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PBRF success

The latest Performance-Based Research Fund (PBRF) quality assessment has confirmed the University of Otago as the leading research institution in New Zealand.

The PBRF assessment was introduced by the Tertiary Education Commission (TEC) in 2003 to measure the quality of research being undertaken within New Zealand's tertiary sector. Further evaluations were undertaken in 2006 and, most recently, in 2012.

The results of this latest evaluation have been welcomed by University of Otago's Deputy Vice-Chancellor (Research and Enterprise), Professor Richard Blaikie.

“When you look across all four measures of the PBRF's quality assessment, the University of Otago has the strongest result. Within universities, the calibre of research is a defining feature of institutional quality. These results reaffirm our position as the leading research institution in New Zealand.”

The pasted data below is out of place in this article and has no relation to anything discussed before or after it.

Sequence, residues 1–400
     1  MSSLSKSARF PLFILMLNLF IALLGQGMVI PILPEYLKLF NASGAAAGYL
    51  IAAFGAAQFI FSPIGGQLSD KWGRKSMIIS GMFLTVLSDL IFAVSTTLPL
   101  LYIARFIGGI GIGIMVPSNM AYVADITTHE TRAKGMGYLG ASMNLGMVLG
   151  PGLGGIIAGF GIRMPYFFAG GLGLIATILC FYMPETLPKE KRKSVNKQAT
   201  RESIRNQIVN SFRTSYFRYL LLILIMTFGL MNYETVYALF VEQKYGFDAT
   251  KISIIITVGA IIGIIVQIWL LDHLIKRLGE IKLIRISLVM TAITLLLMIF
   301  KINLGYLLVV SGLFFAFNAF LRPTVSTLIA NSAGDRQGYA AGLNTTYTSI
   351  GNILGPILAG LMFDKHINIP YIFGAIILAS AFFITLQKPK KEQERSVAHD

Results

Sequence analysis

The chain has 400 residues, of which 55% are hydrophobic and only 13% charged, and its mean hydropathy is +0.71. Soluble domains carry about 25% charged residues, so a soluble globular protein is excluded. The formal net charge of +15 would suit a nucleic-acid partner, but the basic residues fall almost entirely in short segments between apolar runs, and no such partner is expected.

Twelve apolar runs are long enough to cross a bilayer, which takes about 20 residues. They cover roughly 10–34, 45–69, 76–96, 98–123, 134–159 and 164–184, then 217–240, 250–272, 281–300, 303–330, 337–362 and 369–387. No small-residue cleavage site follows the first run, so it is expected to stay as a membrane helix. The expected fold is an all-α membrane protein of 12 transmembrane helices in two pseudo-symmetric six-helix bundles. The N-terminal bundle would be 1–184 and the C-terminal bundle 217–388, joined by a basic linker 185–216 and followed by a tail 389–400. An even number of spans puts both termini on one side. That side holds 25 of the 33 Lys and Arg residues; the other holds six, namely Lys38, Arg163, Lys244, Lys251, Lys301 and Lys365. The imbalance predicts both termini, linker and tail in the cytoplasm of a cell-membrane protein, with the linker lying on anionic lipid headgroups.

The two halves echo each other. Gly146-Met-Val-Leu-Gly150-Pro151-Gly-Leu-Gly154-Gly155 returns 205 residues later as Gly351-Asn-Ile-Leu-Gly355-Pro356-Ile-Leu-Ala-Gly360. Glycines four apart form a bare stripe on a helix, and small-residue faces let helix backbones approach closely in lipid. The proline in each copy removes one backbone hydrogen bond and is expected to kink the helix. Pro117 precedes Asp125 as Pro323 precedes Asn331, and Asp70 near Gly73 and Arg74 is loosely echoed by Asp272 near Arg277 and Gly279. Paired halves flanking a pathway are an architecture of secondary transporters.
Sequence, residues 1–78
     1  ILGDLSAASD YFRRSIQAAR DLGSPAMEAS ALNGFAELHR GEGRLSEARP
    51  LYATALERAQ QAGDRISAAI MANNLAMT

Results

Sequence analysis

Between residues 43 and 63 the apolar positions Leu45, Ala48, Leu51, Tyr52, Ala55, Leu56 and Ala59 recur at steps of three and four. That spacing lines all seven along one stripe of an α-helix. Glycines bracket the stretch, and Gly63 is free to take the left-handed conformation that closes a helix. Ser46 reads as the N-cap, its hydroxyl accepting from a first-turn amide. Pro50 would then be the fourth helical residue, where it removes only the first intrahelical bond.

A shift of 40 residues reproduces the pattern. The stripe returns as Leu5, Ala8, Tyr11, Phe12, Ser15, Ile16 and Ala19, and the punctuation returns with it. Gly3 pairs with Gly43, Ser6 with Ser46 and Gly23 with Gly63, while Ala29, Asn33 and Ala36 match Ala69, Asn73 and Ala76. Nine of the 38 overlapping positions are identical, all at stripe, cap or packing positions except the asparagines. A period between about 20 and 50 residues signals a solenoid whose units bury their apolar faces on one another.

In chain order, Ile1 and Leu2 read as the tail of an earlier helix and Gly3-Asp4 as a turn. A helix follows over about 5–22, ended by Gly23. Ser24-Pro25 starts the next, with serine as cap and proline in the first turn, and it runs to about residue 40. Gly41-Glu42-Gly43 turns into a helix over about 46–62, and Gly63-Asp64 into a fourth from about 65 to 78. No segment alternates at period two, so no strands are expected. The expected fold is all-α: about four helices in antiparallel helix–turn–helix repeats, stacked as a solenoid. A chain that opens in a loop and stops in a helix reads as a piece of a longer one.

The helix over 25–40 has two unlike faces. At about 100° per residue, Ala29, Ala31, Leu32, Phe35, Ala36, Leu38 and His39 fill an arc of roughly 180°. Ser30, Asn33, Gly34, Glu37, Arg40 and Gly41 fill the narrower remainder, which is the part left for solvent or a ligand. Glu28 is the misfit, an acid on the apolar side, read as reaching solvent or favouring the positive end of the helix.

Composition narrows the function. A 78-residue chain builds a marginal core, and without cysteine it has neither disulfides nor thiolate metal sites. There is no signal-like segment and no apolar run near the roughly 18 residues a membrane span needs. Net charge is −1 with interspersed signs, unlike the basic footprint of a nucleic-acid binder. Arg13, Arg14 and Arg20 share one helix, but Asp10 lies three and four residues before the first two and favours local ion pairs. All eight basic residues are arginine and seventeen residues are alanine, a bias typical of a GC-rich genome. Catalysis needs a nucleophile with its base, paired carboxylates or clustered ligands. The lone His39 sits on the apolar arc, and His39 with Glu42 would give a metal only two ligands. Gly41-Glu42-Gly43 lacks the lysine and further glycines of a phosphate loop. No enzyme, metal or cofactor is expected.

Otago was the only university to be ranked in the top four in all average quality score (AQS) measures and Otago improved its 2006 performance in all of them. The University was ranked first for research quality weighted by its postgraduate roll, second for quality relative to enrolments at degree-level and higher, third for the quality of research by staff who submitted portfolios for assessment, and fourth for the measure across all academic staff.

Otago was ranked first or second in 17 subject areas, including first in four of the 10 top-ranked subject areas: law, pharmacy, philosophy and pure and applied mathematics. In addition, the Department of Psychology received the highest score (6.9) for any nominated academic unit at any institution across the country.

Of the 1,318 Otago staff who participated in the evaluation, 735 were ranked as either “A” or “B” for the quality of their research. “A”-graded staff are recognised as having high international standing in their respective fields and “B”-graded staff as enjoying high national standing. Since 2006, the number of Otago's “A” graded staff has increased from 144 to 189, and “B” graded staff has risen from 473 to 546.